Conservatives also tend to enjoy a more active and enabling sense of humor. The English essayist Walter Bagehot once observed that “the essence of Toryism is enjoyment.” What he meant, I think, was summed up by the author of Genesis when that sage observed that “God made the world and saw that it was good.” Conservatives differ from progressives in many ways, but one important way is in the quota of cheerfulness and humor they deploy.

Not that their assessment of their fellows is more sanguine. On the contrary. Conservatives tend to be cheerful because they do not regard imperfection as a personal moral affront. Being realistic about mankind’s susceptibility to improvement, they are as suspicious of utopian schemes as they are appreciative of present blessings. This is why the miasmic gloominess emanating from many conservative circles today is so dispiriting. It goes against the grain of what it means to be conservative. It is dampening, and I for one hope it will prove to be a quickly passing phenomenon. Among other things, this recent access of personal gloominess makes the practice of professional gloominess -– the robust deployment of satire, ridicule, and so on -– much more difficult and less satisfying.

This brings me to the issue of truth. Conservatives are realists. They like to call things by their proper names. Like Oscar Wilde’s Cecily Cardew, they call a spade a spade, unless it is explicitly outlawed, just as they prefer to call “affirmative action” “discrimination according to race or sex,” taxation “government-mandated income redistribution,” and “Islamophobia” a piece of Orwellian Newspeak foisted upon an unsuspecting public by irresponsible “multiculturalists” colluding more or less openly with Islamofascists.

Towards the end of his thoughtful new book Comeback: Conservatism that Can Win Again, David Frum gently takes issue with Russell Kirk’s invocation of “the permanent things.” “How few of those there really are!” Frum writes. “The fact of change is the great fact of human life,” he says, pleading with conservatives to “adapt” to change and retake the intellectual and political initiative. Some such rhetoric might be required on the hustings. But I confess to having mixed feelings about that exhortation, if for no other reason than that I believe change to be not the but a great fact of human life. An equally great fact is continuity, and it may well be that one “adapts” more successfully to certain realities by resisting them than by capitulating to them. “When it is not necessary to change,” Lord Falkland said some centuries ago, “it is necessary not to change.”

I recognize that “change,” like its conceptual cousin “innovation,” is one of the great watchwords of the modern age. But William F. Buckley Jr. was on to something important when he wrote, in the inaugural issue of National Review in November 1955, that a large part of the magazine’s mission was to “stand athwart history, yelling Stop.” It’s rare that you hear someone quote that famous line without a smile, the smile meaning “he wasn’t against change, innovation, etc., etc.” But I believe Mr. Buckley was in earnest. It was one of the things that made National Review unzeitgemasse, “untimely” in the highest sense of the word. The magazine, Mr. Buckley wrote, “is out of place, in the sense that the United Nations and the League of Women Voters and The New York Times and Henry Steele Commager are in place.”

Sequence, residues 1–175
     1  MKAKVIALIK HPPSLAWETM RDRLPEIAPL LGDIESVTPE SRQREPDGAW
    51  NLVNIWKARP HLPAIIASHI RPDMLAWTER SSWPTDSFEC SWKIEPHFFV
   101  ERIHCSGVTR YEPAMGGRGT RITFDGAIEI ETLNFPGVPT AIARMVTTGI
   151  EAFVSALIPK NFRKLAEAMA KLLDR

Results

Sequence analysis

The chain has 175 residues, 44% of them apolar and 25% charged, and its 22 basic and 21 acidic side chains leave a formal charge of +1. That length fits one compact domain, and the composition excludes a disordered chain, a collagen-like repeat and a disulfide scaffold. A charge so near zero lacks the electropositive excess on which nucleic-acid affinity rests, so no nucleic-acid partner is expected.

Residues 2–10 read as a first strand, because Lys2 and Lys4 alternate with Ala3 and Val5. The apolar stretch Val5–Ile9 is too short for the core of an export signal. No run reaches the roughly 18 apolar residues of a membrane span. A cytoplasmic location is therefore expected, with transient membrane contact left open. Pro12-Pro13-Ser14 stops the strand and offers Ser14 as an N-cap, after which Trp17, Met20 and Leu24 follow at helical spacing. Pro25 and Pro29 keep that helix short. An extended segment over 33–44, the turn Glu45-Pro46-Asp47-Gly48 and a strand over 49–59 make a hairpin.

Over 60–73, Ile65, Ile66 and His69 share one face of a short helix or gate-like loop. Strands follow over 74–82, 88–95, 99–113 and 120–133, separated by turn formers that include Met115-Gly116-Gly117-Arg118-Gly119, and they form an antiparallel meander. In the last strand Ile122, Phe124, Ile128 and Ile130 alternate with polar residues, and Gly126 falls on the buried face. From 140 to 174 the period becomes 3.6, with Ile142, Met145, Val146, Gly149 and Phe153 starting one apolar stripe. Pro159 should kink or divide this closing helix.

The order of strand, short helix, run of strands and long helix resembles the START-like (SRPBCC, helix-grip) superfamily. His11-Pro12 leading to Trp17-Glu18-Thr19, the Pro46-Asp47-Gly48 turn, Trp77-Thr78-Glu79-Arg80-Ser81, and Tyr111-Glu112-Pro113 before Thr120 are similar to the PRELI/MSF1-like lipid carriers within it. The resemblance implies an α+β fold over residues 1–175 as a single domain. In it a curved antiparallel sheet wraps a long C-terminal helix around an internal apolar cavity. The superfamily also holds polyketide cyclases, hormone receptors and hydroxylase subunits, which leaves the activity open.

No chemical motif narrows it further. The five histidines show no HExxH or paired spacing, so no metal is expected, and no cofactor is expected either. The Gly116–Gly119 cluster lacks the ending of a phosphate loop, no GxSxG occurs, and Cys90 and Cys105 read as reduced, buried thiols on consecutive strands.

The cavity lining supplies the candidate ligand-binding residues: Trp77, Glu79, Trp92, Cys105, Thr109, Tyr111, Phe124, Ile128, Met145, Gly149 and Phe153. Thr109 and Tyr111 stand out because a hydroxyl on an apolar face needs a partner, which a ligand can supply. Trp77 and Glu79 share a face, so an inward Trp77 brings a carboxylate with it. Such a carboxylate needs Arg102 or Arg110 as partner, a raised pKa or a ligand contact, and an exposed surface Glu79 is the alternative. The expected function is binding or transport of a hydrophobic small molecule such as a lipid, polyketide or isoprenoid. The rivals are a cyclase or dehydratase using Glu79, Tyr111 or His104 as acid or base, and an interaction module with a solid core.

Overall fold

The Australian philosopher David Stove saw deeply into this aspect of the metabolism of conservatism. In “Why You Should Be a Conservative,” which deserves to be better known than it is, he rehearses the familiar scenario:

A primitive society is being devastated by a disease, so you bring modern medicine to bear, and wipe out the disease, only to find that by doing so you have brought on a population explosion. You introduce contraception to control population, and find that you have dismantled a whole culture. At home you legislate to relieve the distress of unmarried mothers, and find you have given a cash incentive to the production of illegitimate children. You guarantee a minimum wage, and find that you have extinguished, not only specific industries, but industry itself as a personal trait. You enable everyone to travel, and one result is, that there is nowhere left worth travelling to. And so on.

This is the oldest and the best argument for conservatism: the argument from the fact that our actions almost always have unforeseen and unwelcome consequences. It is an argument from so great and so mournful a fund of experience, that nothing can rationally outweigh it. Yet somehow, at any rate in societies like ours, this argument never is given its due weight. When what is called a “reform” proves to be, yet again, a cure worse than the disease, the assumption is always that what is needed is still more, and still more drastic, “reform.”

Progressives cannot wrap their minds (or, more to the point, their hearts) around this irony: that “reform” so regularly exacerbates either the evil it was meant to cure or another evil it had hardly glimpsed. The great Victorian Matthew Arnold was no enemy of reform. But he understood that “the melancholy, long, withdrawing roar” of faith had left culture dangerously exposed and unprotected. In cultures of the past, Arnold thought, the invigorating “remnant” of those willing and able to energize culture was often too small to succeed. As societies grew, so did the forces of anarchy that threatened them –- but so did that enabling remnant. Arnold believed modern societies possessed within themselves a “saving remnant” large and vital enough to become “an actual” power that could stem the tide of anarchy. I hope that he was right.